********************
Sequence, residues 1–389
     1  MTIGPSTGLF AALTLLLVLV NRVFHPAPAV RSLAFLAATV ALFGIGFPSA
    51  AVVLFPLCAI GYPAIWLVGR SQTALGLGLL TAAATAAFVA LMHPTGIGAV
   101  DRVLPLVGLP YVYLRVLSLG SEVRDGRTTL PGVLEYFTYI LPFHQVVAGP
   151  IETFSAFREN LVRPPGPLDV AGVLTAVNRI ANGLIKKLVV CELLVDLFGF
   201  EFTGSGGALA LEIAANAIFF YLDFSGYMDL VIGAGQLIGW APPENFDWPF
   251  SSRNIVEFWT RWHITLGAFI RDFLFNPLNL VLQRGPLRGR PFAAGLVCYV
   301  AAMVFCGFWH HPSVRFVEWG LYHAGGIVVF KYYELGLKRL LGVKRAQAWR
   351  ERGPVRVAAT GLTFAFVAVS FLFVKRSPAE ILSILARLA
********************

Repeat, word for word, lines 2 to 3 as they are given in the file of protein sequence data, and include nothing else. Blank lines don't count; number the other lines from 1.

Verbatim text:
     1  MTIGPSTGLF AALTLLLVLV NRVFHPAPAV RSLAFLAATV ALFGIGFPSA
    51  AVVLFPLCAI GYPAIWLVGR SQTALGLGLL TAAATAAFVA LMHPTGIGAV